Four days in New York City
Having completed out visit on Long Island, we drove back to JFK and returned the car. From the airport we used a limo-service to get to our hotel in midtown, Manhattan and after driving around between the terminals in JFK for almost an hour and half, the car was finally full, and we could leave the airport. The hotel was on 8th Avenue, just one block from Times Square and we got there around 8 PM. We got a room on the 16th floor, and took the elevator up while a bell-boy brought up our luggage and earned a tip from Dorte, who by the way hates to tip.
The room was nice for a room in a city hotel. Dorte unpacked and then we went off to find somewhere to eat. We chose to eat at a place called Chevy's, which despite the name was a Mexican restaurant on the corner of 42nd Street and 8th Ave. Here we got a great margarita and some even greater guacamole, which the waiter prepared at the table. It was excellent and so was the main courses.
After dinner we continued down 42nd Street to Times Square. We looked at the lights and then went back to the hotel where we relaxed and got ready for next day's sightseeing.
The next morning we started planning our New York City tourist tour. Before we left home Dorte home had prepared a list of things she wanted to see. I had contributed with a few things too, and also, tried to organize our days in New York, in order to see as much as possible of what was on the list.
On this, our first day in NYC, we were going to visit the Statue of Liberty and the Immigration Museum on Ellis Island. When we got up at eight, we made ourselves ready, and then had breakfast in a restaurant on 45th Street. After breakfast we walked to Times Square and got a taxi that took us down to Battery Park on Manhattan's southern tip, from where the ferry to Liberty Island and Ellis Island leaves. The ticket office is inside Castle Clinton, and we had to stand in line almost all the way around the castle. We got fairly quick through the queue though. After approx. 35 minutes, we had our tickets and walked down to the ferry. Here we waited in line again for another 30 minutes before we could board. While waiting I read a bit about Castle Clinton in a guidebook, and discovered it served as immigrant station where immigrants were received prior to 1892, when the station was moved out to Ellis Island. Over 8 million immigrants entered The United States through Castle Garden as the place was called at that time.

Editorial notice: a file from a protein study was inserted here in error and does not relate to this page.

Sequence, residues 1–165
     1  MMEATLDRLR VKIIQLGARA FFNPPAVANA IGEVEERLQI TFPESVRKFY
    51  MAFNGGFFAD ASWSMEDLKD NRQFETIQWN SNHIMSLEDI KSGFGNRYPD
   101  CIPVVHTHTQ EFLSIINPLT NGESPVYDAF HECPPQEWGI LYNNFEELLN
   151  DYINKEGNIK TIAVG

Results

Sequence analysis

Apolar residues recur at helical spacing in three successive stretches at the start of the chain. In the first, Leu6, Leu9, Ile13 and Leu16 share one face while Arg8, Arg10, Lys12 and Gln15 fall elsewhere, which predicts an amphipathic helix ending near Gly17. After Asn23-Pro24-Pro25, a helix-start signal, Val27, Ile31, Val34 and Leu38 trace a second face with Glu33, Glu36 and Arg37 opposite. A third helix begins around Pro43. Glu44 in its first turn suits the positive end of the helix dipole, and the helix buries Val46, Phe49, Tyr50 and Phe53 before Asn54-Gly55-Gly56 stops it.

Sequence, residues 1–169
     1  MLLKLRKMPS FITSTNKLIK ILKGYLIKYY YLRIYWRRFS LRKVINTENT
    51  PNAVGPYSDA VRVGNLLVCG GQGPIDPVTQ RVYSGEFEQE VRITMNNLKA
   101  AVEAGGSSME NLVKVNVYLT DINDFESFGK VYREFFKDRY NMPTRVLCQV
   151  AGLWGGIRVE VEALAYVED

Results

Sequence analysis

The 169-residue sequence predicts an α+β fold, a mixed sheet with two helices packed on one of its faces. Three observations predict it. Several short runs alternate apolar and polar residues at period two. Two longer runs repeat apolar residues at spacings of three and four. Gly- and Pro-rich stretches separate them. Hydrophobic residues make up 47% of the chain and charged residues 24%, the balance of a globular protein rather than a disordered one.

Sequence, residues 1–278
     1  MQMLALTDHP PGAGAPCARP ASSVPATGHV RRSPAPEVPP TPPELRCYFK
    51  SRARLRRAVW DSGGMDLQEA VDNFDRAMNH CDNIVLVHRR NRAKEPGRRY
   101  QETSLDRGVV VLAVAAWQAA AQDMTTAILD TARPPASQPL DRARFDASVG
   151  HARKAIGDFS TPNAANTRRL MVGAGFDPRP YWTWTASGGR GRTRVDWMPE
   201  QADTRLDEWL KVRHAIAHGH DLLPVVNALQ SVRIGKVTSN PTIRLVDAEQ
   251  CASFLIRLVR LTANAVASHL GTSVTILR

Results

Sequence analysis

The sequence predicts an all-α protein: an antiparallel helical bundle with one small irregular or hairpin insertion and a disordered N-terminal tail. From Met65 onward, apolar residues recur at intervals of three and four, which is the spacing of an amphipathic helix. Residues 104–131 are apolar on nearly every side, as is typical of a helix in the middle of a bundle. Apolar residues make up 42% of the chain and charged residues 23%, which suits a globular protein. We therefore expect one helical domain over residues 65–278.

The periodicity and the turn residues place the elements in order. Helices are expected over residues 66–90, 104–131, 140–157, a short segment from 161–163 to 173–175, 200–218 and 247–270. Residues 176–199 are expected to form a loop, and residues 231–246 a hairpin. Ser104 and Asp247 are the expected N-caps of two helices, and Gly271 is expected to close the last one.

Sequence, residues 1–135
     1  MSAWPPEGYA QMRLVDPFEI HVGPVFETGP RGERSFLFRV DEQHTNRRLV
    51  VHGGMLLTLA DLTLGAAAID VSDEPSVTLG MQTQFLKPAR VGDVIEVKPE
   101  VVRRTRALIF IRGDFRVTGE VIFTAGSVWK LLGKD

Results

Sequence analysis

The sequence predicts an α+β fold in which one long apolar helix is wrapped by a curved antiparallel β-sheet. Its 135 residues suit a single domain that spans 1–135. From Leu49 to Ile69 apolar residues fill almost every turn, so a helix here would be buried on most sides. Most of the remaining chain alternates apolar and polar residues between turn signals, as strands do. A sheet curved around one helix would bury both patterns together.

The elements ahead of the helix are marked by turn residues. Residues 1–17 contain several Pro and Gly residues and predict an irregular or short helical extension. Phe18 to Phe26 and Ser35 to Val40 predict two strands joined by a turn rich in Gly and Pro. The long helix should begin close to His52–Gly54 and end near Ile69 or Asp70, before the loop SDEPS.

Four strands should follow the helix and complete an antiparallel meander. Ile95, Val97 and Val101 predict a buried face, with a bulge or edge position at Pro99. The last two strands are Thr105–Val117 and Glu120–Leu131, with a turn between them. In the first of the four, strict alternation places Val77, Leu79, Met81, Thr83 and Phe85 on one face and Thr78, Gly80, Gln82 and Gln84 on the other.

On the ferry ride to Liberty Island (originally named Bedloe Island) we could enjoy the Manhattan skyline - or at least as much of it as we could see, which wasn't much. It was a very hot day and most of the city, and also the Statue of Liberty, was obscured by haze. When we got to the island, we walked around and looked at the statue from different angles. The Statue of Liberty stands on a star-shaped foundation that is all that remains of Fort Wood, another of the forts, that were part of New York's coastal defense. We didn't climb to the platform, but bought ourselves a pretzel, which served as the day's lunch. Dorte also had time to buy an icecream while I stood in line for the ferry to Ellis Island. This time we waited about half an hour before we could get on the ferry, so Dorte had plenty of time to both buy and eat her icecream.
The ferry ride to Ellis Island took just a few minutes,so we had plenty of time to walk around and look at the museum. Ellis Island was the main point of entry for immigrants to the U.S. from 1892 to 1954. More than 12 million people entered the U.S. via Ellis Island. Among the more famous, that entered via the island, were Salvatore Lucania, which they probably should have refused, as he is better known as the gangster Lucky Luciano. Also, Irving Berlin, Bob Hope, Claudette Colbert, Isaac Asimov, and Max Factor entered USA via Ellis island. A few of my own relatives did too. Unfortunately I have no contact with any of them, but I know a few settled in Minnesota, some in Califonia and some in Colorado, but where their descendants are now I have no idea. Dorte's relative, who we had visited on Long Island, did not enter via Ellis Island. As her mother was married to an American citizen, the two of them was allowed entry without having to go through the immigration procedures.
The visit here was very exciting - although actually there was not so much to see. The buildings where the immigrants were received, is of course still standing, but almost everything from the inside has been removed. In stead we found images and texts that told the story of how it was when immigrants arrived on the island. We had bought a radioguided tour, so we were given a pair of headphones and a little gizmo, and then we were guided around between various "stations", where we were told about what had happened right there. We heard, among other things, the questions that the immigrants were asked such as "What is 1 + 1?", "What is 2 + 2?" etc. A young Polish girl was asked "Do you wash stairs from the top or bottom?" The young girl had replied "I have not come to America to wash stairs." If she was allowed entry or not, was unfortunately not part of the story.
We spent around two hours inside the buildings. Then we walked outside and lined up for the ferry back to Manhattan. While Dorte stood in line, I went out to the coast and took a few pictures of downtown Manhattan. The weather had cleared up a bit, so the city skyline had become a little more visible. When we got back to Manhattan we bought a few bottles of water. It had turned into a very hot afternnon, so even if we brought water, and bought more together with our pretzels, we were thirsty once again.